Third Time’s the Bubble Waffle Charm

The first time I saw a bubble waffle was in a Hong Kong-style café. My brother and I were eating together, gorging on delicious Chinese food and sipping addictive iced lemon tea. I noticed other patrons ordering a special dessert which looked kinda like a breakfast item. They were getting odd puffy-shaped waffles. Could those really be that different than the regular ol’ type?

The second time around, I ate a bubble waffle. I think it was at a night market in Taiwan. When the delicious pastry smell wafted in the air, I had to give it a try.

I encountered the bubble waffle a third time at a local cultural festival, and I was hooked. The only constraint on DIYing it? You needed a special mold to make the waffles at home.

What’s so Great About Bubble Waffles?

They’re like a regular waffle, right? Wrong. They’re puffier, hence the bubbles. And I experience a certain child-like wonder every time I pinch off a bubble and plop it into my mouth. The other interesting thing about bubble waffles is its texture. There’s a slight chewiness and spring to each interconnected dough sphere.

Pandan bubble waffle on plate with sliced bananas
Pandan bubble waffle

Making Waffles at Home

Recently, I splurged and bought myself a bubble waffle maker. It took two tries to actually get the item. I thought I had found it one day at a local Asian grocery store, only to realize it was a takoyaki (or octopus balls) maker—a very different sort of snack.

To get the right mold, I decided to order one online. I’ve had waffle makers in the past, and to be honest, I hate cleaning the devices. The batter always gets stuck in the crevices, and the cord gets in the way when trying to wash the unit. I also have this strange fear of sticking (even unplugged) cords in water. This new bubble waffle maker was cordless; really, it’s more of a griddle with bubble shapes that you can place on top of a gas range.  

I used the recipe pamphlet that came with the maker. The classic bubble waffle required the following ingredients: eggs, milk, vanilla extract, butter, sugar, flour, baking powder, cinnamon, salt, and oil.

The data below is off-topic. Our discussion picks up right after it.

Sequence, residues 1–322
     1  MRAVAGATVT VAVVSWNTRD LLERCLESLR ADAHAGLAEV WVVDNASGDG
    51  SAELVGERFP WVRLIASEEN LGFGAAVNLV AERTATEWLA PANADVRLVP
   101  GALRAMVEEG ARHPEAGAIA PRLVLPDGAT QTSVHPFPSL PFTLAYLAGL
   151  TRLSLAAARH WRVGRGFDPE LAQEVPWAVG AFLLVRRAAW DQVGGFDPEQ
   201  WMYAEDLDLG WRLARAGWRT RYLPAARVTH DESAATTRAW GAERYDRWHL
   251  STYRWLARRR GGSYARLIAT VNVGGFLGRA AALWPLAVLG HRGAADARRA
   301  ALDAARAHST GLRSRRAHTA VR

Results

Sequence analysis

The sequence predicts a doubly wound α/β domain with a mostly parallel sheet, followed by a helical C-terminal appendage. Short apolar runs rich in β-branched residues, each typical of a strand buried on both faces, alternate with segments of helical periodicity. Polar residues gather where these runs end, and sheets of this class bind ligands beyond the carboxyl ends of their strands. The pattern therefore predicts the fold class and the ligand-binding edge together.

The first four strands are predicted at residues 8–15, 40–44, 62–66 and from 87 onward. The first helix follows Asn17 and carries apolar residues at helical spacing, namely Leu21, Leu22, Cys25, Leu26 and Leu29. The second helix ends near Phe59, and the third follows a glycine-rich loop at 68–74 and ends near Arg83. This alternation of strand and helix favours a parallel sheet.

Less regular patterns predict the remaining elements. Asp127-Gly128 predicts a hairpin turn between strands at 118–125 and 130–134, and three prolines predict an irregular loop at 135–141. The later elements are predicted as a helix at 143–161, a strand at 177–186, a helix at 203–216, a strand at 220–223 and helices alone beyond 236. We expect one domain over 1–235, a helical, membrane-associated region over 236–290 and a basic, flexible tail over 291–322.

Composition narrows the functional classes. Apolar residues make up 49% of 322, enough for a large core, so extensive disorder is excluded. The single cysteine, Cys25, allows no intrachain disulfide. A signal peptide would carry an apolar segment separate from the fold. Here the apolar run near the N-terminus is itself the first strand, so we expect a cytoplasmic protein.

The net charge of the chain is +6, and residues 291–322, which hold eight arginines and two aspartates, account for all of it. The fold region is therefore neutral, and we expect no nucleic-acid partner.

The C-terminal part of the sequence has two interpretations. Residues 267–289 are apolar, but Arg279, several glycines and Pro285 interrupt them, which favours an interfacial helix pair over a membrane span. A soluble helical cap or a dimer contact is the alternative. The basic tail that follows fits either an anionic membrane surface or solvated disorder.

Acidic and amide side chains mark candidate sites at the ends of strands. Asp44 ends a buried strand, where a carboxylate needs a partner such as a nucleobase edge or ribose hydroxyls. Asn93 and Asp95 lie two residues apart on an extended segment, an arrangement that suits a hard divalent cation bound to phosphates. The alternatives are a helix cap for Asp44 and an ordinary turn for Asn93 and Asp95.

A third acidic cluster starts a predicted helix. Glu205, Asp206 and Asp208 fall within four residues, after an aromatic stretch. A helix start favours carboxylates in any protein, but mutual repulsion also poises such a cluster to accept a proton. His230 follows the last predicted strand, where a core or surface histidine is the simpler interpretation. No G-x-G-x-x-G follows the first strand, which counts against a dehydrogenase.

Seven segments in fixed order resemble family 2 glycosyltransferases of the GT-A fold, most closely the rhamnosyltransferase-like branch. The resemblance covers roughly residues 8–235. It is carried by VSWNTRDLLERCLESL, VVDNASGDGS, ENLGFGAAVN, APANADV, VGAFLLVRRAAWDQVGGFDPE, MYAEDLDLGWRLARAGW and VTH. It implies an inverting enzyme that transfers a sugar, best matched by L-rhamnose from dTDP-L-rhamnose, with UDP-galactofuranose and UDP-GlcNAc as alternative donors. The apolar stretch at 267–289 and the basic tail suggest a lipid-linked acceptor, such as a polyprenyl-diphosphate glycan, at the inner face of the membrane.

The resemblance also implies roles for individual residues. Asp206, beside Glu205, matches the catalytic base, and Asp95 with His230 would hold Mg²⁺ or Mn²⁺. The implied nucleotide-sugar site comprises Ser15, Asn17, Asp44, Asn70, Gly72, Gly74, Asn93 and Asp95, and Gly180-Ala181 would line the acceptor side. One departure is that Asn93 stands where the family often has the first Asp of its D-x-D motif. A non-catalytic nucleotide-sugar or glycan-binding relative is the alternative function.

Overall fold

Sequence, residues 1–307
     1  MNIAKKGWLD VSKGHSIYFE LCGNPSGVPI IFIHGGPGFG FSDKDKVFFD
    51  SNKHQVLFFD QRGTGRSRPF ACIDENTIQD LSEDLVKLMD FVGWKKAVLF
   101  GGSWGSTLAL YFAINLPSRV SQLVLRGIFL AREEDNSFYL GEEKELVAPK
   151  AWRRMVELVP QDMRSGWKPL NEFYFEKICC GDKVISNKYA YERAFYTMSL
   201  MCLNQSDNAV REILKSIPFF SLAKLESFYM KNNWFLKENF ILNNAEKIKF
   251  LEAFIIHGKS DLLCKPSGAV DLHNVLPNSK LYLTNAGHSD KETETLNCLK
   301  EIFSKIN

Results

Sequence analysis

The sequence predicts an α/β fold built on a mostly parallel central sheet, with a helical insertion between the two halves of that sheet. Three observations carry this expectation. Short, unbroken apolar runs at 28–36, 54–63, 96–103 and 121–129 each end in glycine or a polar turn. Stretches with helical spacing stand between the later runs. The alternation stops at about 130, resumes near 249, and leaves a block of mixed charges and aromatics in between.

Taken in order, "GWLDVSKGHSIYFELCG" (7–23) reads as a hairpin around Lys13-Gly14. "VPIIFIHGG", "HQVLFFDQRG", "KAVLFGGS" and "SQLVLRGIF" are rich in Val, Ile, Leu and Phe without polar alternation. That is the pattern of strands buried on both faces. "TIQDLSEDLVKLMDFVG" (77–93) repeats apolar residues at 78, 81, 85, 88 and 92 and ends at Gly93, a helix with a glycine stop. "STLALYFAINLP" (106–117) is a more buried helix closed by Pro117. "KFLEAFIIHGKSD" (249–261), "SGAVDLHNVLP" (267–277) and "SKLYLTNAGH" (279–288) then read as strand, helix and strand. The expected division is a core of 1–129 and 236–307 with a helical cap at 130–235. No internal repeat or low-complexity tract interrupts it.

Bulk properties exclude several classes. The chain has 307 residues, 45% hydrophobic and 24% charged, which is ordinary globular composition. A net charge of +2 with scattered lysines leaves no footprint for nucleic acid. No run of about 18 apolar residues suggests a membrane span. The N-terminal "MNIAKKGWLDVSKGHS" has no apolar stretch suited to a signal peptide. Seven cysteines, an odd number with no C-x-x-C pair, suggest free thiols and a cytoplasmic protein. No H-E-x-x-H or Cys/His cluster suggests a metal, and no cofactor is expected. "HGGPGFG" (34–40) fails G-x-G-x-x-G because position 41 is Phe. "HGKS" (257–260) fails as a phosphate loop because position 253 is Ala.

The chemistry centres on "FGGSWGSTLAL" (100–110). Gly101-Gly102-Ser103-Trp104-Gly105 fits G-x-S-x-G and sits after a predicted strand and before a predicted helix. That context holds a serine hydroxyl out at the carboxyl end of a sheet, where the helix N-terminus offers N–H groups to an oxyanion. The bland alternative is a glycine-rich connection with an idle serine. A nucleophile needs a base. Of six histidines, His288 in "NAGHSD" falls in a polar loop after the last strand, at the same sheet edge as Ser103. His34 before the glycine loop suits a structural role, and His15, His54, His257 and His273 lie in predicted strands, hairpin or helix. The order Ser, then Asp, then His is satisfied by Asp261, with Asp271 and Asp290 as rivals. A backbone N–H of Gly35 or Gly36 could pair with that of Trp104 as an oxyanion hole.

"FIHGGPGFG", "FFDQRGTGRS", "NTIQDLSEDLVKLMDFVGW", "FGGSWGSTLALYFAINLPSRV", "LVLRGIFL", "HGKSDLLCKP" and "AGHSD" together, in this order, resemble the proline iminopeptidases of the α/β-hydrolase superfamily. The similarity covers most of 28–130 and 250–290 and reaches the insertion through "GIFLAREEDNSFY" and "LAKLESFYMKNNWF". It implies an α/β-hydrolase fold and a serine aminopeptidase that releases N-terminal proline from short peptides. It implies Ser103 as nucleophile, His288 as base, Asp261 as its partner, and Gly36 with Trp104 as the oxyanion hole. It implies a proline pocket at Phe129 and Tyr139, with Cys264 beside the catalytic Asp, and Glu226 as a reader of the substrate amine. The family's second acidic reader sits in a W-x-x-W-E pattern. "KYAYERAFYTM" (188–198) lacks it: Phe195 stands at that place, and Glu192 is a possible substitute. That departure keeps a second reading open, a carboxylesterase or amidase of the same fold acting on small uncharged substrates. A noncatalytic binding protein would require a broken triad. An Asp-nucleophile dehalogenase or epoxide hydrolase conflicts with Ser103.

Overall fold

The batter was easy and quick to make. Timing the cooking took some effort, though. Instead of the usual light indicator to tell me when it was done, I had to watch the clock. It took about two to three minutes on each side to get a golden brown result.  

Although bubble waffles look like they’d stick together really well, it takes skill to make that happen. Getting the waffle off the griddle requires finesse. For some reason, at that high temperature, the bubbles easily break apart. The best way I figured out how to get the waffle off without damage is to rely on gravity. While holding the device above a plate, I can use chopsticks (or tongs) to peel the top corner of the waffle and let the rest flop down.

Bubble waffle maker with cooked waffle on top of gas stove

Other Tips

  • Waffles need time to cool. Either use a fan to blow on it, or have patience and let it sit.
  • Some recipes call for custard powder, which is a special ingredient. Instant vanilla pudding can be substituted if you can’t find any at the store.
  • A fun tip: Bubble waffles can be used as cones for ice cream!

SoCal Eateries to Find Bubble Waffles

  • Bubble Puff & Tea (Pasadena, CA)
  • Happy Lemon (Gardena, CA)
  • French Touch (Galleria Mall; Redondo Beach, CA)

Boba places may offer bubble waffles. Find their website online to check if that’s the case!

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